The Mathematics of Megadisasters: BIRS talks with Florin Diacu

Posted on Fri, Dec 13 2013 11:38:00

Florin Diacu is a Canadian mathematician and author. He is currently a professor in the Department of Mathematics and Statistics at the University of Victoria, doing research in the field of dynamical systems. He is the recipient of the Best Academic Book Award in 2011 for his volume Megadisasters: Predicting the Next Catastrophe , the subject of his public lecture at The Banff Centre on November 14, 2013. This was the second talk in a series of joint Banff Centre/BIRS public lectures, which is part of The Banff Centre's Leading Ideas Speaker Series.

Diacu began research in celestial mechanics while completing his PhD thesis at the University of Heidelberg, Germany and focused on collisions between celestial bodies; however, the 2004 Indian Ocean earthquake and tsunami caused him to look elsewhere at mathematical models that affect the earth. That megadisaster killed close to 250 000 people and spurred questions relating to research on not only earthquakes and tsunamis, but also collisions of meteors with the earth, volcanic eruptions, rapid climate change, pandemics and stock market crashes, not all of which are as destructive, but nonetheless influence people’s lives significantly.

His book is written for the general public, and thus lends perfectly to this public lecture series. “I was mostly interested in telling people the state of the art relative to predicting these megadisasters. In most cases we have mathematical models that help us. In British Columbia, for example, we know that a big earthquake is coming and that it’s going to be the biggest disaster ever in North America (magnitude nine or higher). It could happen in 20 generations, but it could be any time. The problem is knowing what to do under such circumstances and how to recognize the signs.”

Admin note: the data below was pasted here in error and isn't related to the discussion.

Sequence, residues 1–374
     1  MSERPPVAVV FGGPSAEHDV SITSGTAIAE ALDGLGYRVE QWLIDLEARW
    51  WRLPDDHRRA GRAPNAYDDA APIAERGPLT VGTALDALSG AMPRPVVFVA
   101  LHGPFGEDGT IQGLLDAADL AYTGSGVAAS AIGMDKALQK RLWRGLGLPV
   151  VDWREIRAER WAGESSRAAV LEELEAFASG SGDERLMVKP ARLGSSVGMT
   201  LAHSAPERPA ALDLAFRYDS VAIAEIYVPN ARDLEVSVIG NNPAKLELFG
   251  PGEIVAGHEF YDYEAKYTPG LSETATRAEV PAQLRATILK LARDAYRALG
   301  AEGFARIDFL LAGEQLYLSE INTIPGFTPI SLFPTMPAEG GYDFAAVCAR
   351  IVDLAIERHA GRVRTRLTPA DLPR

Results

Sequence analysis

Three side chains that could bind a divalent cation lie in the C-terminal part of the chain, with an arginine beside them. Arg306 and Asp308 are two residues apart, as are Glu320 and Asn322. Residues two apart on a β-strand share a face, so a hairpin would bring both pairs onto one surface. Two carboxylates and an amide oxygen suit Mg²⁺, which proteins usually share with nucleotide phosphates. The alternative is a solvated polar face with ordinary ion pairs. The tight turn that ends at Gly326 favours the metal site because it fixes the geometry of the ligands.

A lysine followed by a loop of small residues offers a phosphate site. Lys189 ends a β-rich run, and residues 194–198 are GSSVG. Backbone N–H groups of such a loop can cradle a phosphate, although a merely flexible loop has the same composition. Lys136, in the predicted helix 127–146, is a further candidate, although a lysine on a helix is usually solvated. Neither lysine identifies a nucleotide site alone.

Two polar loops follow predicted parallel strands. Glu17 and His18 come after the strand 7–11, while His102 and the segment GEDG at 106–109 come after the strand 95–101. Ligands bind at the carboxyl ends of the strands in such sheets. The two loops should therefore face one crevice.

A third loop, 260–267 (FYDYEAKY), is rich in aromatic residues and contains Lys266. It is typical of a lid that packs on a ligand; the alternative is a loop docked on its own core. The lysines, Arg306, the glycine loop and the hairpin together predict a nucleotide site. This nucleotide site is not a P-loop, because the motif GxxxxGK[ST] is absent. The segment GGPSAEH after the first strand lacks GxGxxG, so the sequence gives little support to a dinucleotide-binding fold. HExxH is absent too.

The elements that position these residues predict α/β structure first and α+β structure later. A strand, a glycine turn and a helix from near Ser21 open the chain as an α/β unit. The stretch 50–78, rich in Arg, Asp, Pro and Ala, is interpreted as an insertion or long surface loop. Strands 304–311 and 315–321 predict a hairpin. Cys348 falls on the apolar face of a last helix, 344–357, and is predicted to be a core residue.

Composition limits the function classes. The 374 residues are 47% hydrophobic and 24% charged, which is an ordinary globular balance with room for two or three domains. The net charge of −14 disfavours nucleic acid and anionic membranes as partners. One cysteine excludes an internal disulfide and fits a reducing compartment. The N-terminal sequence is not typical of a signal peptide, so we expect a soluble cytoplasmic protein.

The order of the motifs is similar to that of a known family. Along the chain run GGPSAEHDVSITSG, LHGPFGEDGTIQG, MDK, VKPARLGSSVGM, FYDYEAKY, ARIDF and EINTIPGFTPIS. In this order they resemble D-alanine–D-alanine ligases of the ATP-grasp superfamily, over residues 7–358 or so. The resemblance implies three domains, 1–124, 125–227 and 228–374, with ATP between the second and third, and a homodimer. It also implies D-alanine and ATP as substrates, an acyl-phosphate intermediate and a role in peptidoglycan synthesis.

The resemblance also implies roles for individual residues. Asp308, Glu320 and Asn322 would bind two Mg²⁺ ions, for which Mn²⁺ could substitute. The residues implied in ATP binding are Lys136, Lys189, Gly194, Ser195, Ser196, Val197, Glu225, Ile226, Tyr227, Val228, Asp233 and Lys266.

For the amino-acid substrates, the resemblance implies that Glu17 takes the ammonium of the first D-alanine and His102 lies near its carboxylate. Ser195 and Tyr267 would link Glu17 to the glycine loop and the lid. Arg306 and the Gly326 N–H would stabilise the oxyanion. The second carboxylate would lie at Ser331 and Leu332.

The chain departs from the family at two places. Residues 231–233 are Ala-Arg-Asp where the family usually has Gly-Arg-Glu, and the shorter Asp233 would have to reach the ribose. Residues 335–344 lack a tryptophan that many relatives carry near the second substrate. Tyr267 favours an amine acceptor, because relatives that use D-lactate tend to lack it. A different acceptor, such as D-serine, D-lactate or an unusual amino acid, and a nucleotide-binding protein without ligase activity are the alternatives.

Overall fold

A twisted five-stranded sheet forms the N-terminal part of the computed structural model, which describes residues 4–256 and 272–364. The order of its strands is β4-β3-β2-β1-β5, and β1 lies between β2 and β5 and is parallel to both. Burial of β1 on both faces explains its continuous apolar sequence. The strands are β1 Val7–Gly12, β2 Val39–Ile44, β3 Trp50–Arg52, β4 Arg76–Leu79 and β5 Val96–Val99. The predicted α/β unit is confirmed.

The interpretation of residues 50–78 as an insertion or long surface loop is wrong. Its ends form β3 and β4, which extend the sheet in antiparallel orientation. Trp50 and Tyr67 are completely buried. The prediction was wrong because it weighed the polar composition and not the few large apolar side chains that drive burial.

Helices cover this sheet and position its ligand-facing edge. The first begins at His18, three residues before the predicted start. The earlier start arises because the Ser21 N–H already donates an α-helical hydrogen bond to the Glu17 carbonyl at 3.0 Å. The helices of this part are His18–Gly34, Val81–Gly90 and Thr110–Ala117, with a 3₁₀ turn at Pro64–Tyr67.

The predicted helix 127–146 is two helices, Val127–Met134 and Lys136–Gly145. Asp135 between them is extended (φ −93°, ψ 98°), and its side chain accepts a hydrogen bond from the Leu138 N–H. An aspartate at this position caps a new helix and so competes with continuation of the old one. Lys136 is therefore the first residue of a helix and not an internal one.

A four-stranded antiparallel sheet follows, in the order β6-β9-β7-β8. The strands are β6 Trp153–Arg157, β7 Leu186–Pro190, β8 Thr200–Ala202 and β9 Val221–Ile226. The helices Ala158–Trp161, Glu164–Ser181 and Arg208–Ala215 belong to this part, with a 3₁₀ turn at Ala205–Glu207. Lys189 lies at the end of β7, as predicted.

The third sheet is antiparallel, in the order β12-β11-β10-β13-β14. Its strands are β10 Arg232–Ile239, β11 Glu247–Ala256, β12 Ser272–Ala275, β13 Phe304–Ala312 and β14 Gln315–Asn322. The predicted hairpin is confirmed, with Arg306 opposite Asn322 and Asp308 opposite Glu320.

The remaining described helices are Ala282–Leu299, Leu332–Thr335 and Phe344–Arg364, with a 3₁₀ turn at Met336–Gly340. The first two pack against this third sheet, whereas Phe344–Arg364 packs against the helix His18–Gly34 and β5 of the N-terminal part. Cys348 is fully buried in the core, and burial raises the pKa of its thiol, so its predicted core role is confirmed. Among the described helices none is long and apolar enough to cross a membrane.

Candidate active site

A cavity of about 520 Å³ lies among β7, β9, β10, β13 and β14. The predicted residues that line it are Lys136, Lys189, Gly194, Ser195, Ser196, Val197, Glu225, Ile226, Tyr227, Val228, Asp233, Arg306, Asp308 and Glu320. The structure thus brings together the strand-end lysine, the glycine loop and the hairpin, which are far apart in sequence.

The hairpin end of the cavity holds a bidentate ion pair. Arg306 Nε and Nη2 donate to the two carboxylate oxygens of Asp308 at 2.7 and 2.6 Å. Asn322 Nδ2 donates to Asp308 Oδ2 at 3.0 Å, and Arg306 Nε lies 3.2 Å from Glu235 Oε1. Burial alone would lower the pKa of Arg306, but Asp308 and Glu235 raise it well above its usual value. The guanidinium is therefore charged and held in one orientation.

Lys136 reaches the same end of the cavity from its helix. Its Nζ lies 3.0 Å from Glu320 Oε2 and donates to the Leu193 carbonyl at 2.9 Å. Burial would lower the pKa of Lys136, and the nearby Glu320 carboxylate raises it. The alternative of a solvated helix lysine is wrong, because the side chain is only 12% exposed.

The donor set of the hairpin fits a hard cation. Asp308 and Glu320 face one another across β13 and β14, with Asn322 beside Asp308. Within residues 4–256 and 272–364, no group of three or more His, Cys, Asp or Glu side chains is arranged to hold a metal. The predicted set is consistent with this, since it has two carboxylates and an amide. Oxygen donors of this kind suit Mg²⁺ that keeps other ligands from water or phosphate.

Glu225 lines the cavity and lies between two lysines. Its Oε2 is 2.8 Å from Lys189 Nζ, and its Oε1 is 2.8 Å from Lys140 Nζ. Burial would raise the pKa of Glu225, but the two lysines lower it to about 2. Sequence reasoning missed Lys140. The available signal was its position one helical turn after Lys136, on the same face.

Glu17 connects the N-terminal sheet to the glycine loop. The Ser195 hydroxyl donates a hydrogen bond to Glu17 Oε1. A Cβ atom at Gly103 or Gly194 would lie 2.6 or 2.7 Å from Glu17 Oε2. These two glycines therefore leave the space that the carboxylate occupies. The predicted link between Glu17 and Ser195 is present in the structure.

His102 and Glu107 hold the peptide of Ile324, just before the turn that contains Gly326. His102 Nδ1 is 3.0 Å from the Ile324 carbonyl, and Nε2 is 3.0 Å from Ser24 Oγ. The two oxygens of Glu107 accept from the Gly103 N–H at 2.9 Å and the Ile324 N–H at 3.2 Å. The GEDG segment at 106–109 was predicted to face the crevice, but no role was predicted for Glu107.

During his talk, Diacu gave an example of the benefits of being educated on warning signs. In 2004, a ten-year-old girl was with her family on a beach in Phuket, Thailand. The girl noticed that the sea looked bubbly and was reminded of a movie she had recently seen about the Hawaii tsunami of 1946, which depicted a similar phenomenon directly before the wave hit. Because she recognized the warning sign, the girl was able to warn her family and the lifeguard on duty, and save the lives of a 100 other tourists who were on the beach that day.

Diacu is currently on a panel that oversees a marine observatory near the coast of British Columbia and are working to implement an early warning system for earthquakes. “They cannot be predicted long in advance” he explains, “From the moment an earthquake is triggered until we get hit by the wave might be only ten to thirty seconds, but if a system is implemented we could, for instance, automatically stop or slow down trains to prevent them from derailing or stop gas supplies, as the pipes break during earthquakes and cause fires and explosions. We are trying to see exactly how a warning system might work, and then convince government and other private organizations to provide financial support.”

There were about 100 people in the audience for the lecture in Banff, a mix of about 40 mathematicians and 60 members of the general public. “With a talk like this you have to keep it general and supply many images and examples that the audience can relate to and understand without a background in the science. It is very rewarding because you know that people leave the room having learned something new and useful. And I find with this topic that there is so much interest and inquiry from the audience that the questions actually lasted longer than the talk.”

As a member of the PIMS executive at the time of BIRS inception, Diacu is very proud of how the organization has evolved. “We had originally thought to develop a site somewhere very isolated, but we gain much more by being at The Banff Centre because we can also interact with the people there. BIRS is not just mathematicians interacting with each other, but with the public lectures, plays, movies and concerts being held at The Banff Centre, and through this Leading Idea Series, BIRS is further able to contribute to that unique interaction between arts and science.”